My buddy Tom Brennan yesterday asked about patience which is in precious short supply these days for Mets fans. He pointed out in response to someone criticizing giving Wilmer Flores the opportunity to play how the man responded with his recent 10 hit series against the Dodgers. It was used as evidence of to support what happens when you wait and give people time to develop.
While I agree in principle with the idea of being patient with young players (and wholeheartedly support trying them in ANY spot on the team when the veterans aren’t doing their jobs), the fans have been pathological in their degree of patience with management. Without doing a whole lot of research I tossed out the name of Carlos Beltran as the last significant in-his-prime free agent acquisition this team has made. That was in 2005 – over a decade ago! (Remember when we got Pedro Martinez at the same time?)
What the fans want to see right now is the same kind of commitment to winning that let them roll the dice on the carousing and possibly illegal-drug using Keith Hernandez for homegrown young closer Neil Allen (and Kim Seaman who never made it to the majors). It is the same quantity-to-get-quality move that had then sending Hubie Brooks, Floyd Youmans, Mike Fitzgerald and Herm Winningham to the Expos to bring back Gary Carter. Thirteen years later this pattern repeated when the Mets shipped off Preston Wilson, Geoff Goetz and Ed Yarnall to bring back an offensive force in Mike Piazza despite having a capable (if PED-aided) Todd Hundley manning the plate. In all of these cases the team took gambles that happened to pay off to get the offensive additions needed to push them to the next level.
Now it’s not always been peaches and cream. Many of us sadly remember the ill-fated Melvin Mora for Mike Bordick trade (in which the Mets actually gave three more non-descript players as well!) Then there’s the infamous Scott Kazmir for “I can fix him in ten minutes” Victor Zambrano.
Still, when you read the various media coverage about possible trade acquisitions the Mets should make – Ben Zobrist, Martin Prado, Gerardo Parra, Brock Holt – these players are not in the same conversation with Keith Hernandez, Gary Carter, Mike Piazza or Carlos Beltran. Zobrist’s power has been in decline for a few years and while he offers positional versatility, his last solid season came a few years ago when he hit 12 HRs, drove in 75 and hit .275 – nice, but not a “difference maker”. Prado is essentially a marginally better right handed version of Daniel Murphy in terms of what he does with the bat…nice to have, but not enough to propel you over the top. Parra is Juan Lagares. Holt is 28 and having a nice fill-in season for Boston, but again he’s not a middle-of-the-order guy.
There’s an old saying that one should go big or go home. The Mets equivalent of this approach would be to look to solve their offensive problems with a bonafide cleanup hitter who plays any position on the diamond. Like it or not, Lucas Duda could shift to the outfield. Wilmer Flores could go back to SS or 3B. Ruben Tejada could return to the bench where he belongs. Daniel Murphy could go back to 2B and Flores to SS. Cuddyer could go to the IF or the bench. Granderson could shift to CF if they disable Lagares. ANY position could help. I’d even take a catcher if he could hit like Buster Posey or Steven Vogt.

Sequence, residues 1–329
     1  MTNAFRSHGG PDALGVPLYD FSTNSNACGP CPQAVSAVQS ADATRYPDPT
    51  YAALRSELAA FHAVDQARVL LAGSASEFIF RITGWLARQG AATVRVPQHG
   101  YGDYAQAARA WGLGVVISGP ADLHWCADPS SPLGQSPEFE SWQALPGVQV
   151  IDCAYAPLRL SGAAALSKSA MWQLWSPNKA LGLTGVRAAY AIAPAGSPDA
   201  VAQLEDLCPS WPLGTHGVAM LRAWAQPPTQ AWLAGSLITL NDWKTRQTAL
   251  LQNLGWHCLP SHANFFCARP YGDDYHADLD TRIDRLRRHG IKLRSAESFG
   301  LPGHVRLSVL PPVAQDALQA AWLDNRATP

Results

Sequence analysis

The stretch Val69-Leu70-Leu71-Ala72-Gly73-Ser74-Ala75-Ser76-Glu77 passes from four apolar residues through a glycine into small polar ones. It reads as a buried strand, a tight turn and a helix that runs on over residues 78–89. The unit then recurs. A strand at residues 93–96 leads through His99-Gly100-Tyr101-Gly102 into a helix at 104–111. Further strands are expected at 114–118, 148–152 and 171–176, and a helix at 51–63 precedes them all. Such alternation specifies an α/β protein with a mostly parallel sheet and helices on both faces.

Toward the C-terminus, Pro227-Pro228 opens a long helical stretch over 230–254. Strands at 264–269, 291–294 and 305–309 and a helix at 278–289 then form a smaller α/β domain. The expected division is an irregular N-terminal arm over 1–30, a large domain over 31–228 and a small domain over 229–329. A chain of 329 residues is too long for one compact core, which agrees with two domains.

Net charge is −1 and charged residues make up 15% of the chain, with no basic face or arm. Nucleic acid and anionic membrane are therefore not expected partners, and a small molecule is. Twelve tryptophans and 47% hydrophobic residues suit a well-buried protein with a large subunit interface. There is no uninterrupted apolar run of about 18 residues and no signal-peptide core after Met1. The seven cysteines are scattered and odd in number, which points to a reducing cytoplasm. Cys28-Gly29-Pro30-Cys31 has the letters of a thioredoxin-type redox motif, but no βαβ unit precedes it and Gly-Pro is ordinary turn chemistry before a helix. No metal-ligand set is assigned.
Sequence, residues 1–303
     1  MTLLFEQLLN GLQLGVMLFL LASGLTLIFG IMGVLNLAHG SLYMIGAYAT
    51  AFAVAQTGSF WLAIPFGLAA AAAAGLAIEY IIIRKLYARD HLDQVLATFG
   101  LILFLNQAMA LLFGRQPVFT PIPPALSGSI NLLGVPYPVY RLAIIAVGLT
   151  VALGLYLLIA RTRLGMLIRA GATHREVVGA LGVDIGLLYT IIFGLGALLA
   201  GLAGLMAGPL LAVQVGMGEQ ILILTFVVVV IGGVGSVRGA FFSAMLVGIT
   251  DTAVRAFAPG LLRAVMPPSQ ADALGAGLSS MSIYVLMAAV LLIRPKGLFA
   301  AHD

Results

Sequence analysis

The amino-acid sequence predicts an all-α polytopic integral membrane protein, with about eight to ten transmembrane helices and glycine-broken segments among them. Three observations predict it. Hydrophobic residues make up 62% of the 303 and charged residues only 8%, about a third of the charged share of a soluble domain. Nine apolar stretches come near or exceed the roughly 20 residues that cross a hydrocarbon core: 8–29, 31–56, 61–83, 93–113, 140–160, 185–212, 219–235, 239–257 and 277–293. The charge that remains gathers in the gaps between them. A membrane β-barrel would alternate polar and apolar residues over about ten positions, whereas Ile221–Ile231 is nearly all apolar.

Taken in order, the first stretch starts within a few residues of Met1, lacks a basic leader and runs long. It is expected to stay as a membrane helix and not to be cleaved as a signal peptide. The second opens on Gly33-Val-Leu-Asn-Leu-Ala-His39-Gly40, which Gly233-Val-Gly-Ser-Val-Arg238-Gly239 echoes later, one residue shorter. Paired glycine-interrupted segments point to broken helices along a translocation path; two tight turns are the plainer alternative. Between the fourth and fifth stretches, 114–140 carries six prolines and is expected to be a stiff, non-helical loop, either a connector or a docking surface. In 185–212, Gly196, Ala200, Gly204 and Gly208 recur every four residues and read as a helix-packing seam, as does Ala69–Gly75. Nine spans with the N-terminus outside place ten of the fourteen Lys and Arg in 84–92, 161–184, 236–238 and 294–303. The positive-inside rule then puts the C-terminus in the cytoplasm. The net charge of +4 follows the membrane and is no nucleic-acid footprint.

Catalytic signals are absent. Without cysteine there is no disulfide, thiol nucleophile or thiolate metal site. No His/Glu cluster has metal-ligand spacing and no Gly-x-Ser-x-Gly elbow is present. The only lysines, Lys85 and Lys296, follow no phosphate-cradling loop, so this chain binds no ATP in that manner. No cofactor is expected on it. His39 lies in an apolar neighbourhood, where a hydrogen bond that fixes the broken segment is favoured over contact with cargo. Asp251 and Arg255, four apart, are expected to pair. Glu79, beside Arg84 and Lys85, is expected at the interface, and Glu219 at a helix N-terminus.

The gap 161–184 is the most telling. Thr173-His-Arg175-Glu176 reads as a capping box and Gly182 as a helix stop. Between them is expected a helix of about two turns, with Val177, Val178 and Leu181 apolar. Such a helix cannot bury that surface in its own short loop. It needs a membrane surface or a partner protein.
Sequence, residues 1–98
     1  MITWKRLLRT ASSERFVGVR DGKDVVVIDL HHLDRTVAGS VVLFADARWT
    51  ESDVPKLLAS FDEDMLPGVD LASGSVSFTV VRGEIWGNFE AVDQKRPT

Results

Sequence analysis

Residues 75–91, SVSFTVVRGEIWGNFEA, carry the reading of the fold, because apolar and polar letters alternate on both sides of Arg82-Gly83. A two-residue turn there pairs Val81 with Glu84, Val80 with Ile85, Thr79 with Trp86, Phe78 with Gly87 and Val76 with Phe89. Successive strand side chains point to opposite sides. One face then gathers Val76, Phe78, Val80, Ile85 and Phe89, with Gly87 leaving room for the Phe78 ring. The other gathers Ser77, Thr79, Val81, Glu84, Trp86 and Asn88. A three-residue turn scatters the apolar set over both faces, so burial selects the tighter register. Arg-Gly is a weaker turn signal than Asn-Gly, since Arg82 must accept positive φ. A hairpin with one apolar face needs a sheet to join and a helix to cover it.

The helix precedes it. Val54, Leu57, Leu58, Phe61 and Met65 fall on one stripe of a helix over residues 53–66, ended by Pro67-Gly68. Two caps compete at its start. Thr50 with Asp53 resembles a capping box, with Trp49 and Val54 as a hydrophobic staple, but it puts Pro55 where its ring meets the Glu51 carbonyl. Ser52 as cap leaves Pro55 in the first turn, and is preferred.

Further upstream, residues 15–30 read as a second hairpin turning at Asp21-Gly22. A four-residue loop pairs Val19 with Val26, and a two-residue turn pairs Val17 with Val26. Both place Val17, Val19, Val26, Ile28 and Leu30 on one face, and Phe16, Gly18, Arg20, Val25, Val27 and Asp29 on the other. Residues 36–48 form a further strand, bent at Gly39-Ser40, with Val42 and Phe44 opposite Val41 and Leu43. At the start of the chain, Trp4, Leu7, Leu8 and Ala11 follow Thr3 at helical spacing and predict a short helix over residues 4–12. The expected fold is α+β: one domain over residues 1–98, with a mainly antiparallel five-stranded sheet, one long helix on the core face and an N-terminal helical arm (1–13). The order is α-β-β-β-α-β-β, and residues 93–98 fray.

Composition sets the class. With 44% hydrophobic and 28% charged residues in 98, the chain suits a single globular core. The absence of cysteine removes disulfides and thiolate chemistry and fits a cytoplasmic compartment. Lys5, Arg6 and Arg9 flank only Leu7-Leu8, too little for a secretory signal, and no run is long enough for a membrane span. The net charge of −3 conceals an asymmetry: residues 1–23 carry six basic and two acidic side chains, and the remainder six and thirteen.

To acquire such a player can be done with quantity or quality. The quantity deals tend to be prospect heavy and could include highly regarded people like Brandon Nimmo, Gabriel Ynoa, Michael Fulmer, Matt Bowman or Gavin Cecchini. Quality trades would include proven major leaguers like Jon Niese (pitching the best of his career lately), Bartolo Colon, Jenrry Mejia (can’t miss what you never had), or one of the young stud pitchers. I’d go to battle with a starting five of Jacob de Grom, Steve Matz, Jon Niese, Bartolo Colon and one of Matt Harvey or Noah Syndergaard if it would bring back a Corey Seager.
Unfortunately the trades made for major league, umm, talent during the Sandy Alderson era have only included the likes of Ramon Ramirez, Andres Torres, Eric Young. (We’re still reeling from the quick Alex Torres/Jerry Blevins deals that happened at the end of Spring Training as they’re so out of character for this regime).
We’ve never seen a prospect-for-prospect deal as it requires guts, something this front office has never demonstrated it has. We’ve never seen them make the emotional and resource investment in the best available player – always settling for a distant second tier choice like Michael Cuddyer.
Years ago you transformed the team with the acquisition of one “bad boy” in Keith Hernandez. See what the Dodgers want for Yasiel Puig who has apparently worn out his welcome there. At just 24 and under contract for $5.5 million next year, he’s a great bridge to Michael Conforto and helps NOW. You might even get him for a package centered around Niese and AA pitchers.
To be fair, the one thing Sandy Alderson has done better than other GMs is keeping his cards close to his vest. The trades he made all came from out of left field. They weren’t leaked to the media weeks in advance. Still, the appearance of no movement after years of no movement at the trading deadline is what drives fans to drink.
Whatever you do, stop deluding the fans. You’re either in it to win or simply not lose. You are currently sporting the 27th worst record in baseball since your 11 game winning streak concluded. You’re not doing too well at the “not losing” part. What is the point of developing one of the most enviable pitching staffs in baseball to let people turn off the game once the team is 2 runs down as they’re averaging 1.44 runs per non-Matz start? You are at or second to the bottom in every offensive category. The team needs bats. No more half measures, please. Be in it to win it.